For some businesses, ‘big data’ may feel like the preserve of the big players and that commercialisation is a pipe dream for those with the time, resource and a myriad of data toolsets at their disposal. This however is a myth. In truth, any business who holds data in internal systems could be a few clicks away from some game-changing business and operations insights.
Commercial data can generally be split into two distinct areas: structured and unstructured data.
Structured data can be extracted easily to create real-time management tools, such as a spreadsheet. Most business software functions will have this ability with insights uncovered with relatively little effort or in-depth technical know-how.
Includes anything which is not already organised into a pre-set format, for instance documents, emails or photographs. This data can be incredibly powerful; delivering insights about customer sentiment or purchasing habits for example. However, the resources needed to undertake projects analysing unstructured data are likely to be significant and could at face value be out of reach for smaller businesses. So where should you start?
Have data, will use?
There are four challenges on the path to data commercialisation:
Challenge 1 – identify what types of data will provide the most useful business insights.
Challenge 2 – checking the quality of your data.
Challenge 3 – getting the correct systems and processes in place to capture it.
Challenge 4 – putting this data to good use.
The challenges of data commercialisation
Always look at any untapped business performance data riches from existing internal systems. Simple analysis of customer, product or service type data can uncover hugely beneficial insights that can be used to great effect in tracking business performance.
For example, you might begin by analysing which customers regularly pay late or which customers pay different prices to other suppliers. It could equally flag cross-selling opportunities, identify areas for further investment or even flag areas in need of attention. Also consider what data gaps you have; what would you love to know that you don’t already?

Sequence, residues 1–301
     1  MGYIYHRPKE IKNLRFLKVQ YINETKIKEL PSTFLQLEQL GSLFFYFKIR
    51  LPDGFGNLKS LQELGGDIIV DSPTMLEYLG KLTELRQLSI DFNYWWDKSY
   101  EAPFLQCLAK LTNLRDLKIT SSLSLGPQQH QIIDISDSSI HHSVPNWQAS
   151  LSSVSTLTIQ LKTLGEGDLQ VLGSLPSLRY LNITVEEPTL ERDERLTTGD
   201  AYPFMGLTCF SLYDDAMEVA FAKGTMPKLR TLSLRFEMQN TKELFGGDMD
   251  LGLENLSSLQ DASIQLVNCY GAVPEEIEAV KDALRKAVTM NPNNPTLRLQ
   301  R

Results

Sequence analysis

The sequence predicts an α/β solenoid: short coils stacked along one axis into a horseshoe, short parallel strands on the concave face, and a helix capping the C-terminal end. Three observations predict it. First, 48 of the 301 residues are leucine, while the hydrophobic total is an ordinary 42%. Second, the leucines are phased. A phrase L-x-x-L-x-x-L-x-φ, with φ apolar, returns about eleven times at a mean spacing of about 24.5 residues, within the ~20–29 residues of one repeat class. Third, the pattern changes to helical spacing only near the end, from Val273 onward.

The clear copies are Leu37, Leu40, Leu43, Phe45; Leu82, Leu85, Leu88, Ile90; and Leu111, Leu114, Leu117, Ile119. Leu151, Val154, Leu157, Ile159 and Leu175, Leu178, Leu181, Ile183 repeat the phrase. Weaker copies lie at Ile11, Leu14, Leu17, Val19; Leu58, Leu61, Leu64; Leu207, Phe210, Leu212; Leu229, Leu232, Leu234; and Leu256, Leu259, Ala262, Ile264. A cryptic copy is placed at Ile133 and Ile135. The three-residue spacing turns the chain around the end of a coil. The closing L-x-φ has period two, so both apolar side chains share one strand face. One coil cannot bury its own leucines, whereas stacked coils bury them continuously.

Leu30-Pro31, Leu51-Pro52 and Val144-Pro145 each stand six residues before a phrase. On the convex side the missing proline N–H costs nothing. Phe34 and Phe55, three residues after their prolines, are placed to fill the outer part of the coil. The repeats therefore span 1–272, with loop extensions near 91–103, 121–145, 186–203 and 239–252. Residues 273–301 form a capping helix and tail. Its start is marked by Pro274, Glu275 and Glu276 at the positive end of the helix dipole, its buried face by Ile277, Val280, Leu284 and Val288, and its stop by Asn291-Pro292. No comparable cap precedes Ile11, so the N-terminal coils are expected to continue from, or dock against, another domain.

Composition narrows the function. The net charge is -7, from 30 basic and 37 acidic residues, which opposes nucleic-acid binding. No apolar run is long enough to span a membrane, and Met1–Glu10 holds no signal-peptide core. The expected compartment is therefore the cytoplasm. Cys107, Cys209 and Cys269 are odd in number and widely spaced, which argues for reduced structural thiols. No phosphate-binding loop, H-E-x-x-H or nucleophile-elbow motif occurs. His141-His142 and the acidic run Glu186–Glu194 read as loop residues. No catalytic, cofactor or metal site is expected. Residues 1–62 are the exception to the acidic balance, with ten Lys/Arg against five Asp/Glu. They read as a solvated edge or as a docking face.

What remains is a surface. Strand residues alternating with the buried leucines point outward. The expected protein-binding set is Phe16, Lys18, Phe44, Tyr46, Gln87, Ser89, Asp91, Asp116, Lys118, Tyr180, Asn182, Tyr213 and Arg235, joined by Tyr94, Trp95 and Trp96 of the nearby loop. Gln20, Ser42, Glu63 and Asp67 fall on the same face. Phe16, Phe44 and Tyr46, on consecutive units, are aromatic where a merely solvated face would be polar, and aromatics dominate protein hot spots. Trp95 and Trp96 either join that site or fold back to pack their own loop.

Checking the quality of your data quality and is highly important. Why? Because your insights will only be as good as the data being analysed. Data inconsistencies or input errors are common issues that compromise data quality.
For a small business focusing on data sets that can be easily extracted is key. For example, software-based accounting systems like Xero or Sage, often contain ready-made banks of data capable of providing useful insights in a management-ready format and commonly relate to payroll, creditors, debtors and audit histories.
One of your first steps could involve replacing paper-based reporting with digital forms. These not only capture your data, but also provide greater ‘control’ over the data entry process and reduce mistakes. Digital accounting systems like Xero, are a great ‘first-step’ for a small business as they are often cost-effective and don’t require specialist technical knowledge to manage.
If you do choose to bring in new systems be sure that they can deliver the data you want and have the capacity to automate or simplify inputs. This will save you and your team precious time in the long run.
Lastly, in order to put this data to good use ensure your analysis provides useful results. Keeping a relatively narrow focus, such as the day-to-day working capital cycle to identify changes in payment habits, is more valuable to the management team than a broader barometer of performance.
Build a data driven culture
In your quest to commercialise your business data, cultural change is likely to be your biggest hurdle. Convincing management teams and employees is essential so as to acquire buy in to the long-term value of insight-gathering and the tools that make it faster and easier.
Can your business afford not to?
Meaningful insights take time to extract and realising their value is not immediate. Once in place however, they will repay you many times over. The availability of ‘big data’ means that no matter what industry your business operates in, there will always be some data worth using. So the question is, are you recognising and maximising the role that data can play in driving your business growth?